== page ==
FC: Well, I thought his behavior, particularly in terms of Fitzgerald, was absolutely unforgivable. Fitzgerald went out of his way to help him, introduced him to Sylvia Beach, his publisher, introduced him to everybody in Paris. Gave him every possible break. Talked him up. It was the beginning of Hemingway’s career. At the end it’s not like Hemingway is [just] talking bad about him—he wants to pulverize him, grind him into the dirt.

RB: Did Hemingway really suggest that had Fitzgerald seen action in WWI he would have deserted and been shot for cowardice?

FC: Yes, he did say that somewhere. I have heard the theory that Fitzgerald was simply so beautiful that there was a part of Hemingway that was in danger of falling in love with the guy. So he had to just tear him to ribbons in his mind. And spit on him.

RB: Some theory…

FC: It’s not so crazy either. Hemingway was—for all the macho shit—he had some strange stuff going on.

RB: Did you feel any additional pressure because you have published books intermittently over the years?

FC: No. I have never thought of writing as a career. I really never have. Not even from the beginning. And not anywhere along. It just happens at certain times. Actually my wife said—because of all these moldering copies of things from years ago, just turning to dust right in front of her eyes. She said, "Why don’t you put these in a book? Because they are just going to disappear." I thought, "No, I don’t want to do that. I have to go back and look at all those things and it’ll just depress me." But I did, finally.

RB: Did it depress you?

conroy1 Frank ConroyFC: No. Some of it depressed me mildly. Reading 25 pages I that wrote about Steve McQueen, which is not in this book. Some of the stuff I did makes me realize how young I was, how naïve and how little I knew. But for the most part it was good. It made me feel good. Some of the pieces I thought, "Jesus, that’s a good piece." (laughs heartily) Because if you spend a month on a piece, like the piece about my teacher. And then it’s done and finished and the magazine comes out and six months later it’s gone and you forget it. But that was a good piece. So I got enough of a charge from reading the better pieces so that it didn’t depress me and it wasn’t a chore. And certainly I wasn’t thinking I have to have a book. I thought it was interesting to write stuff now about stuff that I had written a long time ago and not get too deep in it or not make too big a deal out of it. It sort of fell together. Of course, it’s kind of strange. There’s a lot of different stuff in it. In the end I’m proud of it. I think it’s well written and well thought.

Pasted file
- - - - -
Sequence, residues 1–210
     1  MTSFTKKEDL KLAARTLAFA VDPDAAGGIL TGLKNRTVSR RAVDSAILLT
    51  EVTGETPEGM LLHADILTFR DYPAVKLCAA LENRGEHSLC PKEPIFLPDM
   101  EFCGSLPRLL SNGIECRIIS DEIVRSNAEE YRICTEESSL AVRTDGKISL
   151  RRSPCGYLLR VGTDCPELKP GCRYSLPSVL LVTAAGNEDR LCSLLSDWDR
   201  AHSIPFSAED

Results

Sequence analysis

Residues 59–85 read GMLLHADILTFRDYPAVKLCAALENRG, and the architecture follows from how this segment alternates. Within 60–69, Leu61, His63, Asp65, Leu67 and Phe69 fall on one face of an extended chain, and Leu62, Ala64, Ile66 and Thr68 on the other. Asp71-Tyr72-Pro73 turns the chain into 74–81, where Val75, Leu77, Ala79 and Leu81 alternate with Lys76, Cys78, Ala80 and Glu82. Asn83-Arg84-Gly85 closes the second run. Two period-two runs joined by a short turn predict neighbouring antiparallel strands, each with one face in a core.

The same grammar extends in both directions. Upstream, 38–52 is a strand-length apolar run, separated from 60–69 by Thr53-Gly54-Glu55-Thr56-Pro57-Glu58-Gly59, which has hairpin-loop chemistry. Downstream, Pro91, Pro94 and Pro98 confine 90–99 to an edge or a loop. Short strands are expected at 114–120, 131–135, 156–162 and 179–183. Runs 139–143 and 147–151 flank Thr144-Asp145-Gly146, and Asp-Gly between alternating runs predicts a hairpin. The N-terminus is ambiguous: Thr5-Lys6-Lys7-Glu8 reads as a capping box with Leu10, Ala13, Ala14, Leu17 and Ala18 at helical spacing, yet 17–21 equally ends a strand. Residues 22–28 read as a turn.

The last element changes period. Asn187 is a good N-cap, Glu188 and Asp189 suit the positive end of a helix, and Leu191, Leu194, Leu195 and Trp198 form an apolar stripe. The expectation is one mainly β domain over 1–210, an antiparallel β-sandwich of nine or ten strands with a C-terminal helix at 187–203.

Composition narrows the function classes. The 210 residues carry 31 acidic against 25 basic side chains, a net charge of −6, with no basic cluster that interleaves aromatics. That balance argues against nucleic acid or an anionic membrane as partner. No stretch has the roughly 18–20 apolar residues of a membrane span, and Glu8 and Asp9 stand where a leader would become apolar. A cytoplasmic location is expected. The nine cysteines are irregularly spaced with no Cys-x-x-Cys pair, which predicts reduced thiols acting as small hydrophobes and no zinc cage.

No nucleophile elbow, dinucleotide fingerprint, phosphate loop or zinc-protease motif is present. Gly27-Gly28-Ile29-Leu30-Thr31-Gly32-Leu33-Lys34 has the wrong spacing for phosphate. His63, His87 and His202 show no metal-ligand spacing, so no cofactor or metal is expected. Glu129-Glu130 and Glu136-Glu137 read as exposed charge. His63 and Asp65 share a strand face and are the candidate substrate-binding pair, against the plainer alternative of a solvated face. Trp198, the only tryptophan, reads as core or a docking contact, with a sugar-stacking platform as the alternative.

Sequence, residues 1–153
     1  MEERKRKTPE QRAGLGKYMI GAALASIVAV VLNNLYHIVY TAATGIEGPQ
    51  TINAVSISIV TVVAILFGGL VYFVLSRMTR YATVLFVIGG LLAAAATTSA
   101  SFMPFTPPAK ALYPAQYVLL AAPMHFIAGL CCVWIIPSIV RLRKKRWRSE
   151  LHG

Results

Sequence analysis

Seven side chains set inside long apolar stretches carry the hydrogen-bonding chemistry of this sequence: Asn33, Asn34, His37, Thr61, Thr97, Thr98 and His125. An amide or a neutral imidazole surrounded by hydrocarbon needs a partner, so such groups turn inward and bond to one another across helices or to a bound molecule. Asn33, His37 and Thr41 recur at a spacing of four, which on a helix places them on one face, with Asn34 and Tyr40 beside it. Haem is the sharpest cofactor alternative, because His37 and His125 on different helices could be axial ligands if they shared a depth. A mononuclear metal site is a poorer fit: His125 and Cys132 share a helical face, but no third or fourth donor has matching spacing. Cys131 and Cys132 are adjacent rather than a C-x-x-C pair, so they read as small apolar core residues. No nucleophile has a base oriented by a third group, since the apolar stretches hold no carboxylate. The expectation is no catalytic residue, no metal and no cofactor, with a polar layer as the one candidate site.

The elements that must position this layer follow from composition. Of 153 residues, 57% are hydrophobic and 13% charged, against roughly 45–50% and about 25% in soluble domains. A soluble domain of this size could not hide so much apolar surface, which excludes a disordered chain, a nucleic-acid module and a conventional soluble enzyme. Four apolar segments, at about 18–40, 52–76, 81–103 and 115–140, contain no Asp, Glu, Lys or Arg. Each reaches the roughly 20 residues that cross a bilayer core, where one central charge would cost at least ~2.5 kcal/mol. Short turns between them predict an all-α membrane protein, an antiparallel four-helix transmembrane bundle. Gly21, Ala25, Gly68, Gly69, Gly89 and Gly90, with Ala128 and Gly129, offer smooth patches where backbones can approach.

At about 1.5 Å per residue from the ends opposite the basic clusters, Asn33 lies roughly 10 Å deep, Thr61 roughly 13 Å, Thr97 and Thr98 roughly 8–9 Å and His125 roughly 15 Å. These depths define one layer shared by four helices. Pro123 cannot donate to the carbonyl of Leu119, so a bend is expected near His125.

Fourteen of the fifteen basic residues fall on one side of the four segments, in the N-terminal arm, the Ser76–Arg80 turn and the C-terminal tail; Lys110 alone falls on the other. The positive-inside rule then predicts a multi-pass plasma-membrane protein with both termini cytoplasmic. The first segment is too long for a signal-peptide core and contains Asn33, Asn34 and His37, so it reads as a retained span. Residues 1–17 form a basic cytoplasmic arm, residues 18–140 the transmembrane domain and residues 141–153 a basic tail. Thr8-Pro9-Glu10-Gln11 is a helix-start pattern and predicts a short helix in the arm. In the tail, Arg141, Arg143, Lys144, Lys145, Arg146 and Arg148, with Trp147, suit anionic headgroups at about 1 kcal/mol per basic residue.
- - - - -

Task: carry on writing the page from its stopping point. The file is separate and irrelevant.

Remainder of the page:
RB: Your piece on the Iowa Writers’ Workshop could probably save some aspiring writers a lot of time and money.

FC: It could. But it’s hard to do it alone. But yes that’s the philosophy that I developed as a teacher and I believe it works. Do you know that here we are sitting in Boston and it’s April 2002. The prose class that graduated in 2001 contained 25 people. Six have books coming out now, this year. Six, a quarter of the whole class, in the first year after graduation.

RB: (both laugh) Have you calculated how many students of the Workshop have been published throughout its history?

FC: Well, the workshop is 65 years old. Nobody kept any records. We have rough indications but nothing really complete. But I am almost positive this has never happened before in the history of the workshop, a quarter of the whole class published in the year following graduation. Unbelievable! I couldn’t believe it myself. They can’t believe it. They’re the ones that told me, of course. Two or three of them have said, "Do you realize six of us…"

RB: What does that indicate about the American publishing scene?